What is the process of finding a nitrate print that is safe to project?

First we have to pull the film and inspect it, checking for damage. Nitrocellulose film will shrink and warp with time, and there is an acceptable level of shrinkage that will allow the film to be projected — no higher than 1 percent. Beyond that, there is a high risk of damaging the film perforations during projection, or even breaking the film. If it’s not too shrunken, we assess the wear and tear on the film and the quality of the image. The film may have perforations chewed up, broken edges, too many splices, or sections of the film removed for one reason or another. We check and count every splice in each reel, to make sure they are still holding and there’s not too many. That will reduce the risk of breakage during projection. It takes two to three times more effort to prepare nitrate film for exhibition than safety film. We have to make sure that every nitrate print meets our safety standards before we approve it for projection. We can’t run any risks.

Those are some of the many reasons why the screening of nitrate film has become so rare. Another is the current state of the art storage conditions we now keep the nitrate film in: cold and dry. They will preserve the film longer, but they also increase mechanical shrinkage beyond what occurs during the normal aging process, and once the film shrinks it doesn’t come back. So what we’re experiencing is that more and more nitrate films are becoming too shrunken and unsuitable for projection. When I started working at the archive in the late 1980s, we knew that films made before 1928 were mostly too shrunken to screen. A few years later, films made before 1932 had become too shrunken. To be able to screen nitrate films safely we had to select them later and later in the production date. Today, if the film was struck between 1938 and 1940 we may already have problems with shrinkage. We can no longer screen them, but we can still save them to be duplicated, now or later, with film printing equipment that can handle shrunken film or with scanners that do not use the film perforations in their drive mechanism.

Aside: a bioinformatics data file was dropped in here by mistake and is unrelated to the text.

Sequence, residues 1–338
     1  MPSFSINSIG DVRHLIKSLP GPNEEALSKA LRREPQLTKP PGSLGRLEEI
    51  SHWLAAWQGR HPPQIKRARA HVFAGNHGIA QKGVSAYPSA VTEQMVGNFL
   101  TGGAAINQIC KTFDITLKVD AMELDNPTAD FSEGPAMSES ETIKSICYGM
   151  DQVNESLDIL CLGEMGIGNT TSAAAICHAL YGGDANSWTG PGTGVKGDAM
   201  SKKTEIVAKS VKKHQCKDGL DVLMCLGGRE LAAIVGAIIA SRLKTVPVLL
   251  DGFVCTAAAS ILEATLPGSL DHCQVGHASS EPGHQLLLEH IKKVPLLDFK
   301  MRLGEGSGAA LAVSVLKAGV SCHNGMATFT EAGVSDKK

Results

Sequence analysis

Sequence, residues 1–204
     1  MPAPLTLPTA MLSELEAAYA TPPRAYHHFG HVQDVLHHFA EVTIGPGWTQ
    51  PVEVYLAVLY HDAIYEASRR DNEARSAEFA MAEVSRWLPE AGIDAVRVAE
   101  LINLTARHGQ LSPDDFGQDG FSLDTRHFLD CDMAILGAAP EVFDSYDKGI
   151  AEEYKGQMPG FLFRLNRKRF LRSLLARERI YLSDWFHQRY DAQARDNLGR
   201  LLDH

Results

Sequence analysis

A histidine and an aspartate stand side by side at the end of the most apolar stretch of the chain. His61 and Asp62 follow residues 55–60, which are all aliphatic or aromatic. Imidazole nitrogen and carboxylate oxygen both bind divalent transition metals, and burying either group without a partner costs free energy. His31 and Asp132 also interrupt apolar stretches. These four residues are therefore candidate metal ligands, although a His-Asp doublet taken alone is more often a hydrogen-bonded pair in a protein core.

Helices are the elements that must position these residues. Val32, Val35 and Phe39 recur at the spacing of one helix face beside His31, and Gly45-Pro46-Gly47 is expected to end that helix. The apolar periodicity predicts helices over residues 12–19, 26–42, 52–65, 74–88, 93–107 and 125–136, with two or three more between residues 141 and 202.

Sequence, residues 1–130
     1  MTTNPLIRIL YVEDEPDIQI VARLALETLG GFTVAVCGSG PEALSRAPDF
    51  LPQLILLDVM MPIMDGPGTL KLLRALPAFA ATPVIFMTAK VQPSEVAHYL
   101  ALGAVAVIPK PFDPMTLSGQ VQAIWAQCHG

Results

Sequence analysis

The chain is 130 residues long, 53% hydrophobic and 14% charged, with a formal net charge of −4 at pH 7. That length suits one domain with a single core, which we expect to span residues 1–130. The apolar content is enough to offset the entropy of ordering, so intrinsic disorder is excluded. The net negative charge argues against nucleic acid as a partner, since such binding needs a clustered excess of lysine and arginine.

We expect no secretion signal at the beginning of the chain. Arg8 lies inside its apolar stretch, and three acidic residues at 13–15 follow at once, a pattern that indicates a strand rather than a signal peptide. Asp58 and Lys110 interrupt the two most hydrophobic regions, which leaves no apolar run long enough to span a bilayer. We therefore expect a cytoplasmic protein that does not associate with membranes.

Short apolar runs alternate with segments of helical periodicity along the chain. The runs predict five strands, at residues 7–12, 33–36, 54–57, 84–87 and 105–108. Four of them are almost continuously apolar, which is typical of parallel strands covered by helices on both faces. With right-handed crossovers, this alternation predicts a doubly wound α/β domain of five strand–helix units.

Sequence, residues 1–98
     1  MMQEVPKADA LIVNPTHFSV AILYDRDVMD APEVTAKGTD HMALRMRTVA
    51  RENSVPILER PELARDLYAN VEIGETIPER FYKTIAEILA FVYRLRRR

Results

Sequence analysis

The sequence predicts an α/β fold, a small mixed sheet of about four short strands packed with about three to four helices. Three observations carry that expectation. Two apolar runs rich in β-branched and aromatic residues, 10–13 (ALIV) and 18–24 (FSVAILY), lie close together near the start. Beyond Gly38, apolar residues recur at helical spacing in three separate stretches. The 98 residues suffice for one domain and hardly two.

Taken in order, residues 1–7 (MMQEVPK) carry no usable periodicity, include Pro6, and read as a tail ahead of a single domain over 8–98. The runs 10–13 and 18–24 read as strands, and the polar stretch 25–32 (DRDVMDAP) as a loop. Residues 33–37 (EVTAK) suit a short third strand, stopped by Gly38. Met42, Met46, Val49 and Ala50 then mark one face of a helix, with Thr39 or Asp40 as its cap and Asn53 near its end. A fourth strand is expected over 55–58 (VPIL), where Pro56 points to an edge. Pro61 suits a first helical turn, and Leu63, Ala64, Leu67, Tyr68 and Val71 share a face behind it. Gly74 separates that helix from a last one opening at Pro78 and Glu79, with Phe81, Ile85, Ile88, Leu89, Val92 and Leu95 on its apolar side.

Could you share some fond memories of working at the archive?

Moving the collection to the new facility in Santa Clarita was the most challenging project but very enjoyable to the end. It was an all-hands-on-deck effort involving the whole staff, but particularly the collections staff, who were in charge of guiding the movers and making sure that every media item was being place in its assigned shelf, in the right vault. Now we have all our media collection in one single storage facility instead of three or four, which makes it much more accessible for use and maintenance.

I also have happy memories of working in preservation and handling very early films — Vitagraph films from the early 1900s, some multi-colored with stencils, some tinted and toned. I felt like a jeweler, the films were as precious to me as diamonds in my hands. Working on more than 100-year-old films to make sure they could still be duplicated and enjoyed by people was very gratifying.

What is your favorite film or television show?

I’m very pro-classical American and my favorite is To Kill a Mockingbird. I can watch it over and over and over again. The voice of the little girl telling that fabulous story about discrimination and the fight for justice, I get emotional just thinking about it.